Sunday, July 08, 2012

Can Islam Separate Church and State?

In the early seventeenth century, leaders of Christian countries, Protestant and Catholic, thought that their opposite numbers were turning people into candidates for hell. As a result, they slaughtered one third of the population of Europe. As a result, these European countries, still predominantly Christian, accepted the separation of church and state, in other words, they put the coercive power of government on the one hand, and religious fervor on the other, in different hands.




Whether Muslims can do this or not remains to be seen. The Bible doesn't tell you how to govern, and it was written for people with zero political power. The Qur'an, on the other hand, was written with governance in mind, and it was applied in the first instance by people who ran a state. Whether Islam can exist with a separation of religion and government is the question.

13 comments:

rank sophist said...

A further question is whether or not it's necessary for every country to separate the church from the state. Certainly, some interpretations of Sharia have led to appalling oppression--but so too have the policies of some secular states.

Crude said...

In the early seventeenth century, leaders of Christian countries, Protestant and Catholic, thought that their opposite numbers were turning people into candidates for hell. As a result, they slaughtered one third of the population of Europe. As a result, these European countries, still predominantly Christian, accepted the separation of church and state, in other words, they put the coercive power of government on the one hand, and religious fervor on the other, in different hands.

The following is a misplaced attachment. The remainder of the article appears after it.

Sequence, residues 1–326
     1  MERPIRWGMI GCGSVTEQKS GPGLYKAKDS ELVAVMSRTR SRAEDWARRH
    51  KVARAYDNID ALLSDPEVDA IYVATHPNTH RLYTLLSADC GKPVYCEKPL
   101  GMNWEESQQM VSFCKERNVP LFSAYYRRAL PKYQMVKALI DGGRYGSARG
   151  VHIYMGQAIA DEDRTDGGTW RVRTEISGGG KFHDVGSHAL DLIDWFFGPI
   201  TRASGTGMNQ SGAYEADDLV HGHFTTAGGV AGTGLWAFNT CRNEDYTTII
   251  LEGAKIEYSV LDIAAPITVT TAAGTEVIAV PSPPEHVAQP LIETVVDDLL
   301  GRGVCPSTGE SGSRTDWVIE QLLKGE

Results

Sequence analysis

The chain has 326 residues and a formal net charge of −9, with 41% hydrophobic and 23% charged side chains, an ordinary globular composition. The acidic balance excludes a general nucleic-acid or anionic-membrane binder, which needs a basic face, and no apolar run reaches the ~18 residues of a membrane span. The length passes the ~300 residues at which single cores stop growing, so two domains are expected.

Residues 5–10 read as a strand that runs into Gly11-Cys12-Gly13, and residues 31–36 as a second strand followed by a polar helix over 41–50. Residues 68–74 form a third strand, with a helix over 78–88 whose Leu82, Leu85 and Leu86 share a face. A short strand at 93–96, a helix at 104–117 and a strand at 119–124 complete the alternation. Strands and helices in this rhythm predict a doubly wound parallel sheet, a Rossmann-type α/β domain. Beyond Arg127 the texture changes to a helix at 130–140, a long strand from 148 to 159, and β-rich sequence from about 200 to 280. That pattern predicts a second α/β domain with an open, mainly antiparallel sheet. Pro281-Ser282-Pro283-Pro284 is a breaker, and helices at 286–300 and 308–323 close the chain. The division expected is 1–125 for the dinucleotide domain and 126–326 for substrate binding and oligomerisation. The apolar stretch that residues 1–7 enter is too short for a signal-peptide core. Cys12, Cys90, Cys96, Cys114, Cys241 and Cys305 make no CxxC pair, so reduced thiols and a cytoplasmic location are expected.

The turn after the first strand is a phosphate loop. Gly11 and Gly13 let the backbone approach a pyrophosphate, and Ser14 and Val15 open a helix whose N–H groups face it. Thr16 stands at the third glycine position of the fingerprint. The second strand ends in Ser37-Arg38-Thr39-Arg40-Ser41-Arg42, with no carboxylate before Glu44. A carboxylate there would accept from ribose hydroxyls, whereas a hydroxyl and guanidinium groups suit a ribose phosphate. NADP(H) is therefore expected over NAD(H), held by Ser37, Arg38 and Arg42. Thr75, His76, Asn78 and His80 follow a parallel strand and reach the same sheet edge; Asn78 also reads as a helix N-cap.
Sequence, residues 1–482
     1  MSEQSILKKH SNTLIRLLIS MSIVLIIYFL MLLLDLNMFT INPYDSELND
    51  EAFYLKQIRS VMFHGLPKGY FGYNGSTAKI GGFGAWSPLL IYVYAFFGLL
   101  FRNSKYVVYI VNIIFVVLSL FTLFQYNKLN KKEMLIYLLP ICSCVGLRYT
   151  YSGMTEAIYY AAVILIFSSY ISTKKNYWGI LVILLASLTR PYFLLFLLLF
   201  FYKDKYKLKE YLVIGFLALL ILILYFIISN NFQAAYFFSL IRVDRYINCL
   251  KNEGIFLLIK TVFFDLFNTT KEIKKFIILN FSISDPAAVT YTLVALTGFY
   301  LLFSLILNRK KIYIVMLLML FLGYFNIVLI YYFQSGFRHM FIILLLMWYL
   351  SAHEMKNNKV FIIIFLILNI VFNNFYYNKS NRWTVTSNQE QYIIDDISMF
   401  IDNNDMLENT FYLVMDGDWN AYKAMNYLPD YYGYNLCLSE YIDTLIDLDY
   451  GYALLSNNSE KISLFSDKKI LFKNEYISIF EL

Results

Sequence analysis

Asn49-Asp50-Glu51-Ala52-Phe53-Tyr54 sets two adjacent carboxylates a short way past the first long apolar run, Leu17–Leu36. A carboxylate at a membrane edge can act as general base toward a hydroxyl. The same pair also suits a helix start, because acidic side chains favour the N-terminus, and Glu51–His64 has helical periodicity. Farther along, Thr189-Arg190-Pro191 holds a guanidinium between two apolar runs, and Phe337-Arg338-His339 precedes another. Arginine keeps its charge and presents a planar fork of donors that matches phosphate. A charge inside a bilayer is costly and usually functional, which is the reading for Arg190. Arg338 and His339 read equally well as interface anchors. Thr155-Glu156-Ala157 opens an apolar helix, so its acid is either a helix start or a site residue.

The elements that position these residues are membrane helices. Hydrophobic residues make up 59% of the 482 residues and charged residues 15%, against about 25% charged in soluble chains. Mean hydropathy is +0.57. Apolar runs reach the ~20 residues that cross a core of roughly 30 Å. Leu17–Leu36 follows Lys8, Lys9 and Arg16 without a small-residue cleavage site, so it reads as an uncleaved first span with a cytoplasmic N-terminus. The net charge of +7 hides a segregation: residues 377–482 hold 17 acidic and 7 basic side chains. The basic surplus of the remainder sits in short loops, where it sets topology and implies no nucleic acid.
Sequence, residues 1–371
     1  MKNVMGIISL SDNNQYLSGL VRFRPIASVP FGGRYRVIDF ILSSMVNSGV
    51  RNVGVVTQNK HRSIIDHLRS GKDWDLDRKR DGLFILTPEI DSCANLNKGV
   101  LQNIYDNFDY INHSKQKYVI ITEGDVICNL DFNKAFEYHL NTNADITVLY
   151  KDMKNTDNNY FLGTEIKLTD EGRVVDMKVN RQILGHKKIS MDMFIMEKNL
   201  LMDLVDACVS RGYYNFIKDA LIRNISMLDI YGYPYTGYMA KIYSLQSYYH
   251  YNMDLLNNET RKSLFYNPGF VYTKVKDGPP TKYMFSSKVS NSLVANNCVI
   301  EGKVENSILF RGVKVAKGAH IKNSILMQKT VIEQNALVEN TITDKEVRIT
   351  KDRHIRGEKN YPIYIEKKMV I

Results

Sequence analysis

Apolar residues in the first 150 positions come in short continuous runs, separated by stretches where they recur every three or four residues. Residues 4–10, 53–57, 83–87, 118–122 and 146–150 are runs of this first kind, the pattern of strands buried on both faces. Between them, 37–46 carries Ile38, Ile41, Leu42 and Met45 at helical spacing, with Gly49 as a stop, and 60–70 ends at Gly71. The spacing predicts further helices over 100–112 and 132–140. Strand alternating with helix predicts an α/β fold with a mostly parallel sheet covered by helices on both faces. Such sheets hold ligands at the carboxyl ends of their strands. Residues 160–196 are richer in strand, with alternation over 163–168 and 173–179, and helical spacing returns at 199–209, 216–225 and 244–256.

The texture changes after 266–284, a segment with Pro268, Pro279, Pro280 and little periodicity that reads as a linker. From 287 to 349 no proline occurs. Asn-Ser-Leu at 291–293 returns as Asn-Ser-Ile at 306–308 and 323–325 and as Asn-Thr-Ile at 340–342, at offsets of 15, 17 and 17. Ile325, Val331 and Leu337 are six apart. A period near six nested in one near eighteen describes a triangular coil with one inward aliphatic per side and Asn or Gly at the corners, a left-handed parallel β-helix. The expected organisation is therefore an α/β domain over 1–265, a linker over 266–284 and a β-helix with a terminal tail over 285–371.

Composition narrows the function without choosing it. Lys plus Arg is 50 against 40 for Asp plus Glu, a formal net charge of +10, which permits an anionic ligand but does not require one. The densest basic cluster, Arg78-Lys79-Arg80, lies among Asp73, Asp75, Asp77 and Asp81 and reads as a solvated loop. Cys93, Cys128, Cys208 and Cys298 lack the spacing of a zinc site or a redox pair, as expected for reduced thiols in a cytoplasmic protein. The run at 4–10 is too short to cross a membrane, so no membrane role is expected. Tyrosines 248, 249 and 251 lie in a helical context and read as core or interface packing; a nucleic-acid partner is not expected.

You know, I hear this crap a lot. And I can understand why you'd say it. But don't you think that secular concerns - you know, desire to control money and power - played a major role in this, on all sides?

When you actually look into the history and details of the wars of that particular time period, I think it's clear that few players were operating from the position of pure 'concern for souls'.

It's a little like the civil war era slavery thing. Yes, we hear that some justified slavery by really, really inventive twisting of biblical teaching. But you can't ignore the fact that in every instance, the people supporting slavery tended to be the ones who benefited from it financially.

IlĂ­on said...

The so-called religious wars of the early seventeenth century had far more to do with dynastic power-plays, primarily of the French monarchy, than with the religious schism of the sixteenth century.

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An ‘Islam’ which abjures the sword is not Islam.

Karl Grant said...

What Rank Sophist said, also several countries in which the majority of population is Muslim have secular constitutions; Turkey and Indonesia springs to mind.

BeingItself said...

Of course they can.

Most Christians manage to ignore most of the bible.

There is no reason Muslims can't learn also to ignore large sections of their own primitive magic book.

rank sophist said...

It's hard to stifle a yawn when BI posts. You'd think that, after all this time, he'd have found a less obvious way to troll. Clearly not.

cl said...

@rank,

Your response suggests BI may be more adept than you think.

B. Prokop said...

I think the real laboratory for testing this question will be Western Europe and the United States. If the increasingly large Islamic population of those countries can be politically assimilated, then the answer is "yes". So far, that seems to be the case for the US - not so much for Europe. But likely the results will vary from state to state.

I'm no fan of Islam, but I live right next to (I believe) the largest mosque in Maryland, and the people who go there are among the nicest you'll find anywhere. I'm optimistic.

W.LindsayWheeler said...

As to the supposedness of Turkish and Indonessian "secularism", do you think at any time Christian ideas can influence law in Turkey or Indonessia?